A short guide to the history of ‘fake news’ and disinformation

Fake News, News & the Internet

Posetti, J., & Matthews, A. (2018). A short guide to the history of ‘fake news’ and disinformation: A new ICFJ learning module [PDF file]. Washington, DC: International Center for Journalists. Retrieved from https://www.icfj.org/sites/default/files/2018-07/A%20Short%20Guide%20to%20History%20of%20Fake%20News%20and%20Disinformation_ICFJ%20Final.pdf.

Description: This short eBook addresses the fact that fake news is not new. It offers an overview of major moments in the history of disinformation, in timeline format. It includes events from the Marc Antony smear campaign of 44BC, to the invention of the Gutenberg printing press in 1493, to the 2005 creation of the Colbert Report, to a 2017 European Union report on fake news. The last few pages of the eBook detail an accompanying learning module.

Why I trust it: This resource is a relatively recent publication that was sponsored by the International Center for Journalists, a nonprofit that has worked with more than 100,000 journalists from 180 countries. Its aim is to provide journalists with resources that enhance their skills and expertise, and the resource itself presents facts without bias.

Use: The best way to arm yourself against fake news is to understand how it developed into what it is today. Use this resource to quickly grasp the overall timeline of disinformation, or use the learning module to help others understand as well.

Access: This resource is free for download from icfj.org.

Charity ratings

Associations & Organizations

Charity Watch. (2019). Charity ratings [website]. Retrieved from https://charitywatch.org/charities.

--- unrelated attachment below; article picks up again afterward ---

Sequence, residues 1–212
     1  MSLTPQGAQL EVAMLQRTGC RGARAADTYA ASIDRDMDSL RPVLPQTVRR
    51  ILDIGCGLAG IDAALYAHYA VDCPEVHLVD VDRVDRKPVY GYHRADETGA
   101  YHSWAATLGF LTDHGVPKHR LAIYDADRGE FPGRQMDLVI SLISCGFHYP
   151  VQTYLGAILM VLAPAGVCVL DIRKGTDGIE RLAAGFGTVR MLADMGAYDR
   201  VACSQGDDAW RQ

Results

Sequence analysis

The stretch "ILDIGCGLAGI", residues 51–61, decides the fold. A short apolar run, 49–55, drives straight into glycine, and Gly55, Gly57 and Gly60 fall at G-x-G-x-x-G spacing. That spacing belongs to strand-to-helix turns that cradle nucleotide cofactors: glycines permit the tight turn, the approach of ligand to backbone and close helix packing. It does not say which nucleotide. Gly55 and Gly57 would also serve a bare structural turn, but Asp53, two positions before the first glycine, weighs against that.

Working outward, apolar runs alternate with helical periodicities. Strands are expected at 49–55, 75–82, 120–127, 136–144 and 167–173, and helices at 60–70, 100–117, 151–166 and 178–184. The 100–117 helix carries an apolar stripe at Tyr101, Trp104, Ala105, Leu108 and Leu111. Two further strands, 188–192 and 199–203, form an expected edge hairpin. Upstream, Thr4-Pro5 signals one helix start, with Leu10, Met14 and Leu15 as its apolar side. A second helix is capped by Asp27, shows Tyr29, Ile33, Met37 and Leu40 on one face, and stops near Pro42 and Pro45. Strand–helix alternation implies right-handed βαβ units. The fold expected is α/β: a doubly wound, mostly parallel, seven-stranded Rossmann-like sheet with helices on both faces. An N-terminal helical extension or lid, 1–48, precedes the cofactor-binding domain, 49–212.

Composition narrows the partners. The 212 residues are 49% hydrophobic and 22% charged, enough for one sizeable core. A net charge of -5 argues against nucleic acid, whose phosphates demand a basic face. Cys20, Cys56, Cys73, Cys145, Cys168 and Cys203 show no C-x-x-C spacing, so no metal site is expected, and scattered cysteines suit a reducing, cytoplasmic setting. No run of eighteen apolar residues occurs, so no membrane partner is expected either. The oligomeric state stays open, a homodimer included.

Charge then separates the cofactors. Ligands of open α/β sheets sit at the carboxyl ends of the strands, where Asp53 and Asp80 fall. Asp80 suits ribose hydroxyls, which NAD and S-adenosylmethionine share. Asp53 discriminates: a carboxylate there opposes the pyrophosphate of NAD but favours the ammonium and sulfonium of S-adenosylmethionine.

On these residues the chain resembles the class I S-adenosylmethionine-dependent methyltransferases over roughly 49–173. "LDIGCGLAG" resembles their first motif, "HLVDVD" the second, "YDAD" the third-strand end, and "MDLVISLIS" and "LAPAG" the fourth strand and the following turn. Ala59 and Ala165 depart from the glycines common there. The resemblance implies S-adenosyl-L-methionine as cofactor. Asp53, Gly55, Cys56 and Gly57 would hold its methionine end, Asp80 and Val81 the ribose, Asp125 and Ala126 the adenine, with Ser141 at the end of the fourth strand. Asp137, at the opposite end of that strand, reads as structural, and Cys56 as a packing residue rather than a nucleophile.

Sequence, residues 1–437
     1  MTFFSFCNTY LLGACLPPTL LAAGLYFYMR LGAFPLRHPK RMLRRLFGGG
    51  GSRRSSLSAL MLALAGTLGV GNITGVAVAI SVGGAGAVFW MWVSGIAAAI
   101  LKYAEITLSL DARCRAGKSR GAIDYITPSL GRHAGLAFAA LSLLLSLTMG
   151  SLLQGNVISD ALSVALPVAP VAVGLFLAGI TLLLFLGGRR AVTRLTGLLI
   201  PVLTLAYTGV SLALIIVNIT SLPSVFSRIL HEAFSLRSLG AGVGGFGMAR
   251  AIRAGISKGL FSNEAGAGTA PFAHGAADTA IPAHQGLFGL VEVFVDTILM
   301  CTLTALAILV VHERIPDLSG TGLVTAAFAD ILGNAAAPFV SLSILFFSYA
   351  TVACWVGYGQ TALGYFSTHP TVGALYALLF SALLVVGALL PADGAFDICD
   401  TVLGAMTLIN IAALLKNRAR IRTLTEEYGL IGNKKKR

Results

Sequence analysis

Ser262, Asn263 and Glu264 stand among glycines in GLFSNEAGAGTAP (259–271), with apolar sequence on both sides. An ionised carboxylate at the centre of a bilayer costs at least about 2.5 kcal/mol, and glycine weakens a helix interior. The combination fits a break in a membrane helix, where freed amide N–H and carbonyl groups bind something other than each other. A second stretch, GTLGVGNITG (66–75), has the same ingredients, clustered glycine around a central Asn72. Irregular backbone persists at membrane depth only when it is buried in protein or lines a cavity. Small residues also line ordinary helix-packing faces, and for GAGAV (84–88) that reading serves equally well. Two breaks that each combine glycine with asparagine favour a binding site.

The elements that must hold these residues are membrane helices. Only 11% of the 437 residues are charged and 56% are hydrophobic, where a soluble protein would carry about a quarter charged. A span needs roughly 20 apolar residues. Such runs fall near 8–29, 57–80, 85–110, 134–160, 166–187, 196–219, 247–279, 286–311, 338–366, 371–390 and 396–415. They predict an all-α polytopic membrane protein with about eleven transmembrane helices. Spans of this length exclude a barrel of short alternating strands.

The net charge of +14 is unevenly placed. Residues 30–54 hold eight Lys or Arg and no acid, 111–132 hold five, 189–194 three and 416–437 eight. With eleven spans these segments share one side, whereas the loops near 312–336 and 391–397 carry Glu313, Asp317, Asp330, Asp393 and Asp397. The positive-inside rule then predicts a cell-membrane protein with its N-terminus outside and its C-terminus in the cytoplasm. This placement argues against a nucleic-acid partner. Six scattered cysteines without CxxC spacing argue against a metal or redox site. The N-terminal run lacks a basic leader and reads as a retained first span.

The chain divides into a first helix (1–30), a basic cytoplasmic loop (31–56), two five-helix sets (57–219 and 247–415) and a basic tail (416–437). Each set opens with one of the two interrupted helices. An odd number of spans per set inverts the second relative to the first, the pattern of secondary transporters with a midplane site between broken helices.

Description: This resource, parented by an independent nonprofit, began back in 1992, and it researches the efficiency, accountability, and governance of nonprofit organizations. It aims to expose wasteful and unethical charities, and it spotlights top ethical charities. It specializes in analyzing financial reports, and, uniquely, it rates social welfare groups, and religious charities as well.

Use: Use Charity Watch to see where an organization you are learning about, investing in, or becoming involved with stands by its methodology.

Access: This resource is free for use through a preferred internet browser from any computer in the United States, and beyond.

BBB scam tracker

Fake News, Scams & Hoaxes

Better Business Bureau. (2019). BBB scam tracker [database]. Retrieved from https://bbb.org/scamtracker.

Description: This resource is a database of reported and investigated scams, compiled and researched by the Better Business Bureau (BBB). BBB is a nonprofit organization that accredits businesses.

Use: Think you’ve stumbled upon a scam? The BBB Scam Tracker might be able to help you determine if it is. Pop keywords into the search bar and see.

Access: This resource is free for use through a preferred internet browser from any computer in the United States, and beyond.

PolitiFact

Fact-Checking, Politics on the Internet

The Poynter Institute. (2019). PolitiFact [website]. Retrieved from https://politifact.com.

Description: This nonprofit-owned investigative team rates political statements for accuracy based on their independent news expertise and then awards them a score on a “truthometer.”

Why I trust it: Politifact’s core values include: thorough reporting, independence, transparency, and fairness. PolitiFact does not accept donations from political parties, elected officials, candidates seeking public office, or anonymous sources.

Use: This organization has only been fact-checking since 2007, but it has since gained a reputation for unbiased investigation into the truth (or lack thereof) of political statements. Use it to gain some perspective on political entities on all sides.

Access: Politifact is free for use through a preferred internet browser from any computer in the United States, and beyond.

American fact finder

Fact-Checking

U.S. Census Bureau. (2019.) American fact finder advanced search. Retrieved from https://factfinder.census.gov/faces/nav/jsf/pages/searchresults.xhtml?refresh=t.

Description: This is a government-funded database of community facts, from population data, to school district data, to data on income.

Why I trust it: It’s just the data—plain and simple.

Use: Fact check local news by popping any data listed in a local news article into the search bar to see if it matches up or if the sentence is worded to mislead or paint the data in an alternative light.